The DotNet framework
exposes COM objects through a proxy called the runtime callable wrapper (RCW).
The primary function of RCW is to marshal call between a managed client (.Net)
and unmanaged COM object. The runtime maintains a single RCW for each COM
The primary goal of this article is to create a demo project to show how to call
a COM component from DotNet client and to implement events raised by the COM
The example uses a COM
component and DotNet client extending the functionality of the COM component
Lets start by creating
a COM component (DotNetInterOp.dll) in VB. The Component consists of a single
class "CEmp", that have some properties (FirstName, LastName, DOB) and raises an
After Creating DotNetInterOp.dll register it using regsvr32 from the command
CEmp Class of DotNetInterOp component
Option Explicit On
Public Event Senior()
Private mstrFirstName As String
Private mstrLastName As String
Private mdtDOB As Date
Public Property Get FirstName() As String
FirstName = mstrFirstName
Public Property Let FirstName(xstrFirstName As String)
mstrFirstName = xstrFirstName
Public Property Get LastName() As String
Public Property Let LastName(xstrLastName As String)
mstrLastName = xstrLastName
Public Property Get DOB() As Date
Public Property Let DOB(xdtDOB As Date)
mdtDOB = xdtDOB
mdtDOB, Now) > 60 Then
this COM component in DotNet, the TypeLib of the component should be imported
into an Assembly containing the metadata so that managed clients can create
instances of the COM type and call its methods, just as if it were a .NET
are four ways to create an interop assembly.
To add a reference to a type library using
Open a DotNet project in Visual Studio.Net and add a reference to the
COM component using the add reference dialog box. This would automatically
create an interop assembly containing the metadata.
Type Library Importer
Use Type Library Importer (TlbImp.exe). TlbImp.exe is a command-line
tool that converts COM type library to assembly containing metadata.
The TypeLibConverter Class of the System.Runtime.InteropServices
namespace provides methods to convert a type library to an assembly. This API
can convert in-memory Type library and produces output as TlbImp.exe.
You can create a duplicate definition of the class or interface in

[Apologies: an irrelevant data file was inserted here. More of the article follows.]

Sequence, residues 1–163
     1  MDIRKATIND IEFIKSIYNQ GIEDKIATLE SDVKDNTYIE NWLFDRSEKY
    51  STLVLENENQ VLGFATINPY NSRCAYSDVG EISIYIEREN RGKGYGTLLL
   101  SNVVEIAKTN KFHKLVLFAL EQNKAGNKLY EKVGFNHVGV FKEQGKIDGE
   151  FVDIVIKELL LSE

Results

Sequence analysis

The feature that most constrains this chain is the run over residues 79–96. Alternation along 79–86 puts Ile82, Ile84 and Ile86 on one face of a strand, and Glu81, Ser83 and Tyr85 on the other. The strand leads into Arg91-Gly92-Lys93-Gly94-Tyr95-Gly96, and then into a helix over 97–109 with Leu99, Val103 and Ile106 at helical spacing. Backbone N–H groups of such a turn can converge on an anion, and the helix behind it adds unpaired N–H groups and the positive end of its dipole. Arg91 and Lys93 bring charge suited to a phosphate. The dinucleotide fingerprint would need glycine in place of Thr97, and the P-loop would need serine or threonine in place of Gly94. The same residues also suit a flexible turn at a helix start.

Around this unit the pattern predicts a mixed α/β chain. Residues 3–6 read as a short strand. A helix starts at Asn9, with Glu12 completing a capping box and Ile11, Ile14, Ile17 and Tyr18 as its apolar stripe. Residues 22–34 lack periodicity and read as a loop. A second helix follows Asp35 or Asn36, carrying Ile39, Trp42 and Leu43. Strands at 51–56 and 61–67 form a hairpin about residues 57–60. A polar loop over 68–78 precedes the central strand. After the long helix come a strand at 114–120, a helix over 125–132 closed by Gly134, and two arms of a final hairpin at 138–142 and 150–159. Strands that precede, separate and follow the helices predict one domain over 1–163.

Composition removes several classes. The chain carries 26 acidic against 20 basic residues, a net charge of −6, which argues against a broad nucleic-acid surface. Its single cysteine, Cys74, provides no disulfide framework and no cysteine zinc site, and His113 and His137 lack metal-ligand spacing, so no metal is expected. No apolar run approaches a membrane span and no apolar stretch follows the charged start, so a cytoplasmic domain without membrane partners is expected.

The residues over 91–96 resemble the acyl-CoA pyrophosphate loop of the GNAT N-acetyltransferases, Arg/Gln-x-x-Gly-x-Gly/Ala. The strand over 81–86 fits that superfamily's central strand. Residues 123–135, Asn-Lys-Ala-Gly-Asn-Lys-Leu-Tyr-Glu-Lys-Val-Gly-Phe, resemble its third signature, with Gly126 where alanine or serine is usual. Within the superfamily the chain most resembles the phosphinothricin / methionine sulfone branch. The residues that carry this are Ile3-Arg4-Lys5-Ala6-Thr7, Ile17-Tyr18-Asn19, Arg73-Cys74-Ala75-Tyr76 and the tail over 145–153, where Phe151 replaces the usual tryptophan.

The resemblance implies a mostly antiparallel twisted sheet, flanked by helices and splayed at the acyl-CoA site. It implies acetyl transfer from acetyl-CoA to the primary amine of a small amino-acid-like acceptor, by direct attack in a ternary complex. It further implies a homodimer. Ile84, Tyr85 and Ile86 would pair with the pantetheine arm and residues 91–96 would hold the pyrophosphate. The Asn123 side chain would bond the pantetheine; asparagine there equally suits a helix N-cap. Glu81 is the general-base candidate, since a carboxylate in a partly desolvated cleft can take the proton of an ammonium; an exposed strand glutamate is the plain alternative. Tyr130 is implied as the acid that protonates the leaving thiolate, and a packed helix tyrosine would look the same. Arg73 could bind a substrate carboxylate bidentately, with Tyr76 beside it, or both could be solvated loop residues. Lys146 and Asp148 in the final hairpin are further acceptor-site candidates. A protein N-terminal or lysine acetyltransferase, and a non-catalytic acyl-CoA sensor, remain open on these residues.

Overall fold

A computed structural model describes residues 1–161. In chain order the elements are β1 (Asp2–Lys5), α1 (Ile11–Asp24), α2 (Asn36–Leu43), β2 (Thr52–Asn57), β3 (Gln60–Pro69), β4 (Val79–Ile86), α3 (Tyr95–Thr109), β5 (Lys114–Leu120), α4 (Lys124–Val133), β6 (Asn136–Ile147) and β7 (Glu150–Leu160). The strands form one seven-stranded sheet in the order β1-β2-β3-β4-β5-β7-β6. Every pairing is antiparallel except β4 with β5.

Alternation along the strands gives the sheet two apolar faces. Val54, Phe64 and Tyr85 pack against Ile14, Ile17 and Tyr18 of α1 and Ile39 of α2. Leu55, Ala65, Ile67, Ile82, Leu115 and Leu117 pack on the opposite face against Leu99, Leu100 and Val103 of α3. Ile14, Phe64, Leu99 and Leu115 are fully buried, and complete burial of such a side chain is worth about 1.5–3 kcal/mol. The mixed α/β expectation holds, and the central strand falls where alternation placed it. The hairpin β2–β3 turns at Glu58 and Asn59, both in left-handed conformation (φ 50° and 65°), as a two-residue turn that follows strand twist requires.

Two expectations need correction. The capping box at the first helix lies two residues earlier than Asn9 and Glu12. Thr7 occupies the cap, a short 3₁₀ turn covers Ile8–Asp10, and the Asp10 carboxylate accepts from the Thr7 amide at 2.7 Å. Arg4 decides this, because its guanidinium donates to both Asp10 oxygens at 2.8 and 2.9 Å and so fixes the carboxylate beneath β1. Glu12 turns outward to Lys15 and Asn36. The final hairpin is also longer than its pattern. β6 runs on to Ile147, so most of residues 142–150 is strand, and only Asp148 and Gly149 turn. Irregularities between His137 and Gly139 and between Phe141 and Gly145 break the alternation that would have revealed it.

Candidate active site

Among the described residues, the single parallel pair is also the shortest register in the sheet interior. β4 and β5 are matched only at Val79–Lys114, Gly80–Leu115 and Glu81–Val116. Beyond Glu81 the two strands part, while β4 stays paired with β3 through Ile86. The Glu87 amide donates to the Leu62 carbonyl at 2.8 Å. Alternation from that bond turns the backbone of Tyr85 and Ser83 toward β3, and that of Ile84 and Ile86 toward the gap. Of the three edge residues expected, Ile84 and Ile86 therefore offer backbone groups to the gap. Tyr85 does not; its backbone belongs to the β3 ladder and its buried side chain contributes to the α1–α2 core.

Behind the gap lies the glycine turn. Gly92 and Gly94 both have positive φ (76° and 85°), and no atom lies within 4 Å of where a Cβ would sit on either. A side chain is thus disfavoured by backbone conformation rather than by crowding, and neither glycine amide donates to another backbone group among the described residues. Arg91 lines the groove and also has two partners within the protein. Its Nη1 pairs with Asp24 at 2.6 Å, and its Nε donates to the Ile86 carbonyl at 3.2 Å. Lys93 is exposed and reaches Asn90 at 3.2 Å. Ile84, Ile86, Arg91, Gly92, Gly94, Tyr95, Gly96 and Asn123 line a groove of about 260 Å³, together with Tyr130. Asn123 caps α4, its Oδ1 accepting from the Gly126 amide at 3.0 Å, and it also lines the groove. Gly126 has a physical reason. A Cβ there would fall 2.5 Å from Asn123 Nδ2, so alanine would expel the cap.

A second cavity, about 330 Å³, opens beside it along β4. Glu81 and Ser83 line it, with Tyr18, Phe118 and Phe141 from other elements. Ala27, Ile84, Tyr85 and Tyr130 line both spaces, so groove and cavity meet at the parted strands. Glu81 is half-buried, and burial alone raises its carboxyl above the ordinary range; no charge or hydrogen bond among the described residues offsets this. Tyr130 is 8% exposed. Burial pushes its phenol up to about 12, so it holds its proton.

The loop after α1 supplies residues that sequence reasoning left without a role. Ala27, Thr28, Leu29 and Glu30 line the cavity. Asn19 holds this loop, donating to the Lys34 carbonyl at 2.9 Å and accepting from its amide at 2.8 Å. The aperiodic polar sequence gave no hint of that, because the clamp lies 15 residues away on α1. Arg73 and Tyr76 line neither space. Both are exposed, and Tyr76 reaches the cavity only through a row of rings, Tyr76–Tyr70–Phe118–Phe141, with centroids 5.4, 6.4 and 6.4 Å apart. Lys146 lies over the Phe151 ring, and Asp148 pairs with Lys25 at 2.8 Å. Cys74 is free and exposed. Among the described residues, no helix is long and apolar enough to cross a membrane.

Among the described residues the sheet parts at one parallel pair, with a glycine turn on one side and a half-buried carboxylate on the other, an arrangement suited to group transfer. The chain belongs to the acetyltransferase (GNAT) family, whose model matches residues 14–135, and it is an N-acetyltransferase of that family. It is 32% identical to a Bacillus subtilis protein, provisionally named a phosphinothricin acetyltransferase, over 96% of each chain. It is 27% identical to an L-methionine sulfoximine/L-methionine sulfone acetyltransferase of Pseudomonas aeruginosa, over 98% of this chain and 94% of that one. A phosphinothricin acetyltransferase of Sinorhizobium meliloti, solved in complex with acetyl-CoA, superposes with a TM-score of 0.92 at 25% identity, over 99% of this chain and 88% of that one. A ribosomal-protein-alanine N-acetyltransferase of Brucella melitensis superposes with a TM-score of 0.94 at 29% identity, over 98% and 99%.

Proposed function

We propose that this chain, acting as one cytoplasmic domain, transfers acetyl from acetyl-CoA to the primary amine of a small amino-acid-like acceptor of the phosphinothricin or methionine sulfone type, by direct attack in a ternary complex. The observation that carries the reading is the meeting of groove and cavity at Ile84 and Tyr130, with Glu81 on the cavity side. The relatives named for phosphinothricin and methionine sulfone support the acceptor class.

managed source code. You then compile the source code with a compiler that
targets the runtime to produce metadata in an assembly. To define COM types
manually, you must know the precise descriptions of the coclasses and interfaces
being defined and knowledge of the type library-to-assembly conversion rules.
Writing a custom wrapper is an advanced technique that you seldom perform.
example we will use the TlbImp.exe to create metadata from the coclasses and
interfaces definitions in our DotNetInterOp.dll Type library.
From the command line.
the COM component, as it was a DotNet component, add reference to the assembly
created in the previous step and code against the assembly by creating CEmp
object and delegation the calls to this object.
DotNet Client has two classes CEmp and CEmps, CEmp is a wrapper over our COM
component's CEmp and exposes FirstName, LastName and IsSenior properties. The
FirstName, LastName properties just delegates to the Properties of COM's CEmp
but IsSenior uses the event raised by the COM component to set its value. The
CEmps class is a collection of CEmps and exposes methods to test our code.
VB.Net Client of the COM Component
Public Class CEmp
Private mobjEmp As DotNetInterOP.CEmp
Private mblnIsSenior As Boolean
Sub New(ByVal xstrFName As String, ByVal xstrLName As String, ByVal xdtDOB As Date)
mobjEmp = New DotNetInterOp.CEmp
AddHandler mobjEmp.Senior, New DotNetInterOp.__CEmp_SeniorEventHandler(AddressOf Senior)
.FirstName = xstrFName
.LastName = xstrLName
.DOB = xdtDOB
Public ReadOnly Property FirstName()
Public ReadOnly Property LastName()
Public ReadOnly Property IsSenior()
Private Sub Senior()
mblnIsSenior = True